Speech is about the right to say what you want. But being heard is all about market power. That's why two antitrust cases, one in publishing and one in online video, matter.
I have seen a similar, though not identical, "speech bottleneck" dynamic at work in local journalism. In the city where I formerly worked there used to be two daily newspapers, many smaller weekly newspapers serving niche audiences, a few alt-weeklies and small magazines, and a smattering of TV and radio stations. Now there is one newspaper, one alt-weekly, one city magazine, and a reduced number of TV and radio stations. Almost all are owned by the consolidated chains, and they are trying desperately and valiantly to scrape together a connection with their audiences that isn't intermediated by a tech giant. That kind of environment has very real consequences, which I experienced firsthand: a noticeable lack of diversity and idiosyncrasy in the ideas that made their way into the city's public square, and a lack of decent-paying career opportunities for mid-career journalists/local writers. Needless to say: it sucked.
Thanks Matt for your in-depth discussion about an industry I have little knowledge of. Monopolization in any form destabilizes democracy. Unregulated and unfettered industries lead to concentration of market power which has created the severe income inequality in America. Free speech is also fighting to survive.
The funny thing about the Rumble case is that it really has nothing to do with censorship in practice. It's a straightforward market power argument, similar to Microsoft/Internet Explorer years ago. And frankly, it's a pretty compelling one, considering how much of the internet Youtube has eaten up over the years.
Independents are coming back, partly BECAUSE the big monsters have leaned so far into superstar financialization that they're missing some profit.
I write courseware that is bundled with college texts. At first our texts were published by a very small outfit. The small outfit was bought by a big-name outfit, and we were carried along. The big outfit was then LBO'd by an even bigger outfit. As part of the stripping out of assets, our entire subject area was removed. So we returned to a small outfit that had been founded by the daughter of the original small publisher. They have only a dozen full-time employees, so they can't afford Corporate Imperatives. They have to produce quality work, and they have to serve their customers instead of their bankers. I enjoy direct customer service immensely. [The big LBO publisher offshored service to India.]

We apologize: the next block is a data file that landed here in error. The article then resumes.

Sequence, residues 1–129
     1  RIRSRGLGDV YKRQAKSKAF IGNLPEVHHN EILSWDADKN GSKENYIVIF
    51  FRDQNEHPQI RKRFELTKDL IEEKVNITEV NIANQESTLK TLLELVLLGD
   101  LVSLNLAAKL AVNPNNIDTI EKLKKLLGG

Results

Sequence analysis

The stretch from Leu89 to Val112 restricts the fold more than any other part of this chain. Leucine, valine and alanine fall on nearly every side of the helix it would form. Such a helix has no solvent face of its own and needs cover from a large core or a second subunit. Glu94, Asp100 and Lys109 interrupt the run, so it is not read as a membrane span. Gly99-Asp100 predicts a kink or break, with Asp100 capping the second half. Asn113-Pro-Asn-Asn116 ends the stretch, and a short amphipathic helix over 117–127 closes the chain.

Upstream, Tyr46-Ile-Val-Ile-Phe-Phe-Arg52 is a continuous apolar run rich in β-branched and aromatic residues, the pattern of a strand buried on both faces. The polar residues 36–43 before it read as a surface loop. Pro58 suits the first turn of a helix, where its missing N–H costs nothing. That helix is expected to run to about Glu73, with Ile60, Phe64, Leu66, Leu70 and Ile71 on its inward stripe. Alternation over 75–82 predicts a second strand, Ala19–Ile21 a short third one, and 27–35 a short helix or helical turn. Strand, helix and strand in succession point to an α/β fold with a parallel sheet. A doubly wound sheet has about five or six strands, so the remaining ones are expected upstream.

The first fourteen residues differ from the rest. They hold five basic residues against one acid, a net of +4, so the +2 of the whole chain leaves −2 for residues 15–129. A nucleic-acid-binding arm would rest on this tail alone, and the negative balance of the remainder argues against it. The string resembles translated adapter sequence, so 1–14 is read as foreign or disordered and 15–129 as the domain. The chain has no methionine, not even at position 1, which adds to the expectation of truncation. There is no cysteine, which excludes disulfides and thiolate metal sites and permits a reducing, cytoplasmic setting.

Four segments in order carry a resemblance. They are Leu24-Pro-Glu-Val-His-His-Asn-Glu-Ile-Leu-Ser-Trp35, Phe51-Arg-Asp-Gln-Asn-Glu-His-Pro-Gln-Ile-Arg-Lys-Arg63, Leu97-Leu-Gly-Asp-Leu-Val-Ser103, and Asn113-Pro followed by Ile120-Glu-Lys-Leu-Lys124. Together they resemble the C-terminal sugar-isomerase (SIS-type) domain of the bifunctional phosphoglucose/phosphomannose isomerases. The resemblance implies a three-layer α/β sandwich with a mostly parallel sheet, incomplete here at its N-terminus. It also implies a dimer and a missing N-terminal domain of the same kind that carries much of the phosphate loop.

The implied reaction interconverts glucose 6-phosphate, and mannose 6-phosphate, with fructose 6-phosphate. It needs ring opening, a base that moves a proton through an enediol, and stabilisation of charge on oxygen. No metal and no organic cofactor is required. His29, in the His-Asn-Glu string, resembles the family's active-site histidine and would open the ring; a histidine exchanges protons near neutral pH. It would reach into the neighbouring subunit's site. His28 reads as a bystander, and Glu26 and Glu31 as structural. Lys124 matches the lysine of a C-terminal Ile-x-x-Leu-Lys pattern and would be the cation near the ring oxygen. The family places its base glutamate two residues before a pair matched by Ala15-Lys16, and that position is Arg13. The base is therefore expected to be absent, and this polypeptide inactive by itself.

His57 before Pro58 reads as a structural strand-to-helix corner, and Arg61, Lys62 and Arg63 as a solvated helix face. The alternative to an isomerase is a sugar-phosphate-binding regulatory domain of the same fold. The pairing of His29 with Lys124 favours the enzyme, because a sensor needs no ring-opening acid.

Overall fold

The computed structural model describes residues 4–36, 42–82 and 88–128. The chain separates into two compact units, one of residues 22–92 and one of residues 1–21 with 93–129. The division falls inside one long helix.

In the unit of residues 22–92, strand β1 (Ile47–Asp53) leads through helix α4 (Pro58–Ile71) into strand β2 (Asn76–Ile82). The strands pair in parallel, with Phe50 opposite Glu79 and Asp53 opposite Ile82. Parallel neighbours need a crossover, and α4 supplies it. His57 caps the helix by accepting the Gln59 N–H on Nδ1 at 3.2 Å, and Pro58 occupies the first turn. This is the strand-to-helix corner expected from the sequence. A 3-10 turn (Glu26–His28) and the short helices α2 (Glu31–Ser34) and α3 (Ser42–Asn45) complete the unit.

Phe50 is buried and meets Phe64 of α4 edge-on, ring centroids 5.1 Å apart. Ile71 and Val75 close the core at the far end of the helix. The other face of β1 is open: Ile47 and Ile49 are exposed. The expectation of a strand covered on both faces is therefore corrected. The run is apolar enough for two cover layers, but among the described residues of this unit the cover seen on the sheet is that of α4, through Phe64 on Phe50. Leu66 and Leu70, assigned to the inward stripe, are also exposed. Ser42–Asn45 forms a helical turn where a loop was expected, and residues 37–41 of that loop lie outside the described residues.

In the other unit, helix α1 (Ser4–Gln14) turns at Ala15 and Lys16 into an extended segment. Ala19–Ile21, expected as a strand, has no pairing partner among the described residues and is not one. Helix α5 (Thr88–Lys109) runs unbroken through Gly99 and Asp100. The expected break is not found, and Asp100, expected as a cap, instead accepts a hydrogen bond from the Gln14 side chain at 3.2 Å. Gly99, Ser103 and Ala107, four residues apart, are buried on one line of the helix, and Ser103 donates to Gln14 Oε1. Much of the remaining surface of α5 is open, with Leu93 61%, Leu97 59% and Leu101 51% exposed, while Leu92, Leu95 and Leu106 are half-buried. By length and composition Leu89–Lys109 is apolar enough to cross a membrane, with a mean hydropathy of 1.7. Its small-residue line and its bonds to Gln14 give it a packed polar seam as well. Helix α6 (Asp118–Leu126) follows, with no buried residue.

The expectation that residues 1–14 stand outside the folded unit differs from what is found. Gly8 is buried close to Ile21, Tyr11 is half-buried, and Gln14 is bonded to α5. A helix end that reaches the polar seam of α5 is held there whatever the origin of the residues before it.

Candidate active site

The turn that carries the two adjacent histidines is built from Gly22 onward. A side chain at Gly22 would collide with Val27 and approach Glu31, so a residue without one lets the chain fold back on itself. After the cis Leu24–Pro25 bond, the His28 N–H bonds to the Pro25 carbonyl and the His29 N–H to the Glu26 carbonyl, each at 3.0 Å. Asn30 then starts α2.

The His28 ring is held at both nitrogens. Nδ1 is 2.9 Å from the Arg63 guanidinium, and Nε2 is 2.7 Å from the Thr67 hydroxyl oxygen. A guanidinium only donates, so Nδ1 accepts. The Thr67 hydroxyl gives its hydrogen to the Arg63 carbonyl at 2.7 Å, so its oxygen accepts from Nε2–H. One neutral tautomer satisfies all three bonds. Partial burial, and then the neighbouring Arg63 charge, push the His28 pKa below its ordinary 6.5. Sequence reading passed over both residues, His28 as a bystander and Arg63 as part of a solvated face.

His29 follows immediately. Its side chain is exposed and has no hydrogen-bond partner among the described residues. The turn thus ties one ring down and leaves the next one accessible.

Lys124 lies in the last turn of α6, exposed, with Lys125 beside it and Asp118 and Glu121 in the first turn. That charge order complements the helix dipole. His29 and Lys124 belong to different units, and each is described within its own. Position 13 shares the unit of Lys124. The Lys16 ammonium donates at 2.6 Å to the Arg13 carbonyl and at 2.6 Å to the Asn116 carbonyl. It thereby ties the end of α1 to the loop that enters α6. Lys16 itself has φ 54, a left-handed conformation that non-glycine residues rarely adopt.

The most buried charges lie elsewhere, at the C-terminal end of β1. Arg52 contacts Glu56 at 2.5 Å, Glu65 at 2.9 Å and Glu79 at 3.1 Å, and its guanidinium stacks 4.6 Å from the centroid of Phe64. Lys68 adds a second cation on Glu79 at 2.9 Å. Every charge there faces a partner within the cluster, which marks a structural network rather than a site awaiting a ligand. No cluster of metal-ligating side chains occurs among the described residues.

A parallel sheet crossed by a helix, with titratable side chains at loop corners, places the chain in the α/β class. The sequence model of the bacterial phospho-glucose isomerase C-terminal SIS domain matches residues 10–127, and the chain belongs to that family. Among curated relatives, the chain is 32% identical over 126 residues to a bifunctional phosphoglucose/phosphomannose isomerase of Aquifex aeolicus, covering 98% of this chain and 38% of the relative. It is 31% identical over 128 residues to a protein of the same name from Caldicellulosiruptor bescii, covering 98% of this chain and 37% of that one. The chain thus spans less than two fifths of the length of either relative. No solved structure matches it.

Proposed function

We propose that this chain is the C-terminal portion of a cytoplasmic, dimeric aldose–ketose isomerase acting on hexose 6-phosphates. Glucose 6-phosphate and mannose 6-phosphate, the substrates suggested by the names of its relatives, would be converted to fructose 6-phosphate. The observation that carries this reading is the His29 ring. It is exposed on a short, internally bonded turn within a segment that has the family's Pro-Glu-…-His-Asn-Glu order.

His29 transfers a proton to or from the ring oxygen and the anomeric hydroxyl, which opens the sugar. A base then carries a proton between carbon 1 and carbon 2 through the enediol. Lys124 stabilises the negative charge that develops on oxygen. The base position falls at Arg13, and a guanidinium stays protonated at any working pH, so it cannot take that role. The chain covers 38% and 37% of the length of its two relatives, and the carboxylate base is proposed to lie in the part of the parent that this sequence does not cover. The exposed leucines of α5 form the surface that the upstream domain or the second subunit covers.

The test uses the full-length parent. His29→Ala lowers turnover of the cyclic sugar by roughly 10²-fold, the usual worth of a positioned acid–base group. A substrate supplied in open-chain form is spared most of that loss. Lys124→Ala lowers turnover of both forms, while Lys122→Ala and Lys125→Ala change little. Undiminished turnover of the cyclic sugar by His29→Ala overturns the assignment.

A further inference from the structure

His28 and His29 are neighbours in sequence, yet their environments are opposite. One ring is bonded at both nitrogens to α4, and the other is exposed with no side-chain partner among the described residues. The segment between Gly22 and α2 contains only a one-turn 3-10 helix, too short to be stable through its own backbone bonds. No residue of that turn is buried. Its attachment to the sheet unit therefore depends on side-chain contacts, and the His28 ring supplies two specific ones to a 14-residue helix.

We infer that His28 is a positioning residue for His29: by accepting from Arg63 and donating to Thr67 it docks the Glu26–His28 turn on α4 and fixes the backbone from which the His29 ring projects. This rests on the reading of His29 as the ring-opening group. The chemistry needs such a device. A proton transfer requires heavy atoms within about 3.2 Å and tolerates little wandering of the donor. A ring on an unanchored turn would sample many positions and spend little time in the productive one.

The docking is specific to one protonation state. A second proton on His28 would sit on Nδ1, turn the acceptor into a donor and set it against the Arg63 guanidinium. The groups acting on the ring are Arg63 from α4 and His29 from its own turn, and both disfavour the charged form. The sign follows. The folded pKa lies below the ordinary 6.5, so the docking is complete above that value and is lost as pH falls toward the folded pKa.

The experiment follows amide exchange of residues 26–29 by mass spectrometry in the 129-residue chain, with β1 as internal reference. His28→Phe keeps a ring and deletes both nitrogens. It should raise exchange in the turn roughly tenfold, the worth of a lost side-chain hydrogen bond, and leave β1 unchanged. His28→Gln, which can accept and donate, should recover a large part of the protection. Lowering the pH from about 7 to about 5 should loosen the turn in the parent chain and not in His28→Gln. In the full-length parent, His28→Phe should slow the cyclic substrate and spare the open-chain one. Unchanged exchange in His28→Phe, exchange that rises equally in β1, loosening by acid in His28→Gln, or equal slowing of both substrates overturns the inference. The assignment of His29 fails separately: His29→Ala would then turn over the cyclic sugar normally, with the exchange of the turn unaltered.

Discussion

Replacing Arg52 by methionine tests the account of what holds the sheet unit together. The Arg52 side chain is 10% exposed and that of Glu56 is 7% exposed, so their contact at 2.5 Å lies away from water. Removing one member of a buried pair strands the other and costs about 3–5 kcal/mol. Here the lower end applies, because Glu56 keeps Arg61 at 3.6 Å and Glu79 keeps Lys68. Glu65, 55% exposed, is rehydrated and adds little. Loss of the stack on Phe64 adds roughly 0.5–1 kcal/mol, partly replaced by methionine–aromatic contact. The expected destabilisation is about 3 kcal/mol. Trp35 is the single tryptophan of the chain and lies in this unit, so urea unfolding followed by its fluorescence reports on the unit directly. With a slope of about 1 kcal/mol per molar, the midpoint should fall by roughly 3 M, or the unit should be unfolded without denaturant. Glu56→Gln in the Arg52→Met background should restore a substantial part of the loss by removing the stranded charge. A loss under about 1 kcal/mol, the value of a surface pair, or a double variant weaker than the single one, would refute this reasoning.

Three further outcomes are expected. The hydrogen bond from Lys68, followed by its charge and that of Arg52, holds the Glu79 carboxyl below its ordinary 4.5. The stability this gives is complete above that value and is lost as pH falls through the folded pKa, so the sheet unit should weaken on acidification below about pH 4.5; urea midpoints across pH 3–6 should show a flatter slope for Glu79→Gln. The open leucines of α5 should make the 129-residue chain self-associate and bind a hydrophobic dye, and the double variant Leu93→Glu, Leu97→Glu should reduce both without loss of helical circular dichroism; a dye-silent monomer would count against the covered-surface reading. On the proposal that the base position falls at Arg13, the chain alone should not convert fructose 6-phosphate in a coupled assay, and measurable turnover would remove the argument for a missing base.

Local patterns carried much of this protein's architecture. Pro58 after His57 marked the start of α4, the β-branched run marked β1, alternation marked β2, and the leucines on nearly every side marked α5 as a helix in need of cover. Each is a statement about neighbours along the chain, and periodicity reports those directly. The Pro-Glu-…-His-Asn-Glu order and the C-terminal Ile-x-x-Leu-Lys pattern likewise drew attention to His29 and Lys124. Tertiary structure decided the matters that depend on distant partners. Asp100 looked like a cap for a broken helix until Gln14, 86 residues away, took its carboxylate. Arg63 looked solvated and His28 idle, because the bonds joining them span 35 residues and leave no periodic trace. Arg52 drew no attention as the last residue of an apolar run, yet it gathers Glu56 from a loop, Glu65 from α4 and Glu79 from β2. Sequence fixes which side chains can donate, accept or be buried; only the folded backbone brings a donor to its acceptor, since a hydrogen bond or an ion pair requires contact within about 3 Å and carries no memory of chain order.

".... not direct proscription of what people can or can’t say, but limits on where they can be heard"
Rather like if a tree falls in the forest and there is no one around to hear it does it make a sound ...
I have believed, and went to trial for the belief, that the freedom of speech by definition must include a freedom to be heard by the ones the speech is directed to - it seems to me that's what the 1st amendment is all about - not just the right to speak but the right to be heard ...
I realize this may well not be considered germane here - but your phrase I started with is what immediately made the connection for me - you can write all you want, but if no one publishes it, or if your writings cannot reach the audience you are writing for seems to me the same as being free to speak, while being prevented access to the audience the speech is directed at ....
While no one is required to publish what you write, just as no one is required to broadcast what i speak, anything that stands in the way of that writing to be seen or speech being heard by its intended audience seems to me to be a violation of the 1st Amendment - unless of course the right to write or speak is indeed divorced from a right to be read or heard .... in which case, why bother with such a "right"
Just a thought ...
If publishing consolidation continues I wonder what the odds of a book like Goliath being published by a monopoly publisher would be in the future? The people who work in monopoly corporations are not inherently “bad”, but it’s apparent that consolidation of power can lead to bad behavior from otherwise “good” people, and that’s why it must be stopped.
“consolidation, though more subtle, also limits what kinds of ideas can get into the public square“
Yes, and note that it’s has been historically called the “public” square and not the “private” square. The square is now owned by private monopoly corporations who act in the interests of shareholders (including Saudis, foreign sovereign wealth funds and others who have no interest whatsoever in free speech), so what is the likelihood the private square will act in the interests of American citizens? Probably zero.
Privatization should not extend into certain sectors (fire departments, police forces, politics) and I’d suggest it has exceeded itself by fencing off large parts of the public square from the public.
Matt - your comments in the Rumble vs Google discussion characterize Google’s ability to limit free speech as monetary, driven by its monopolistic position. You’re being too nice to Google. See all the Twitter disclosures that show Google’s interactions with the FBI at: https://jordansather.substack.com/p/running-list-of-all-twitter-files. It appears that Google’s motivation is more than money.
Yeah, sure, good stuff, but we don't want more crazy rightwing disinfo/misinfo in our googling, youtube, or social media, but less. If that takes more centralization, so be it. Some public goods need monopoly protections, no?